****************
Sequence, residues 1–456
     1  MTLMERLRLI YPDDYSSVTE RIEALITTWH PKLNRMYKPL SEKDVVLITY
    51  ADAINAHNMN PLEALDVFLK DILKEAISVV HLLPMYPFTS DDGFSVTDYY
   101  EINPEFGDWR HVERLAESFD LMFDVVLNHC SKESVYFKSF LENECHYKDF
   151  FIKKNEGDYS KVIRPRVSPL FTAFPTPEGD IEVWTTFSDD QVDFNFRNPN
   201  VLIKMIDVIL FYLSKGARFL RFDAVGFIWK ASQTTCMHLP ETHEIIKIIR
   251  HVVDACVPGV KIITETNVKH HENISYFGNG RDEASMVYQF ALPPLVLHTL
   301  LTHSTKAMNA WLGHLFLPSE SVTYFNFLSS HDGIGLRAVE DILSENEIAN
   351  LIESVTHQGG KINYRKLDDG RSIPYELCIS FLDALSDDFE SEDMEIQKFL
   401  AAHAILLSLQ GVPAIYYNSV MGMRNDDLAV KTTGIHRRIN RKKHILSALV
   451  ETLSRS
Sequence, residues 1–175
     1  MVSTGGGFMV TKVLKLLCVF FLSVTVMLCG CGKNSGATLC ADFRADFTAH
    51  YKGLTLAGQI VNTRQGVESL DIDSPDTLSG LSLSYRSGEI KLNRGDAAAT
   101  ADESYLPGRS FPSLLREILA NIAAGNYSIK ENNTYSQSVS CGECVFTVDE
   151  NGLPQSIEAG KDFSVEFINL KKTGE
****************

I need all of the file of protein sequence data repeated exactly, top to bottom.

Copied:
Sequence, residues 1–456
     1  MTLMERLRLI YPDDYSSVTE RIEALITTWH PKLNRMYKPL SEKDVVLITY
    51  ADAINAHNMN PLEALDVFLK DILKEAISVV HLLPMYPFTS DDGFSVTDYY
   101  EINPEFGDWR HVERLAESFD LMFDVVLNHC SKESVYFKSF LENECHYKDF
   151  FIKKNEGDYS KVIRPRVSPL FTAFPTPEGD IEVWTTFSDD QVDFNFRNPN
   201  VLIKMIDVIL FYLSKGARFL RFDAVGFIWK ASQTTCMHLP ETHEIIKIIR
   251  HVVDACVPGV KIITETNVKH HENISYFGNG RDEASMVYQF ALPPLVLHTL
   301  LTHSTKAMNA WLGHLFLPSE SVTYFNFLSS HDGIGLRAVE DILSENEIAN
   351  LIESVTHQGG KINYRKLDDG RSIPYELCIS FLDALSDDFE SEDMEIQKFL
   401  AAHAILLSLQ GVPAIYYNSV MGMRNDDLAV KTTGIHRRIN RKKHILSALV
   451  ETLSRS
Sequence, residues 1–175
     1  MVSTGGGFMV TKVLKLLCVF FLSVTVMLCG CGKNSGATLC ADFRADFTAH
    51  YKGLTLAGQI VNTRQGVESL DIDSPDTLSG LSLSYRSGEI KLNRGDAAAT
   101  ADESYLPGRS FPSLLREILA NIAAGNYSIK ENNTYSQSVS CGECVFTVDE
   151  NGLPQSIEAG KDFSVEFINL KKTGE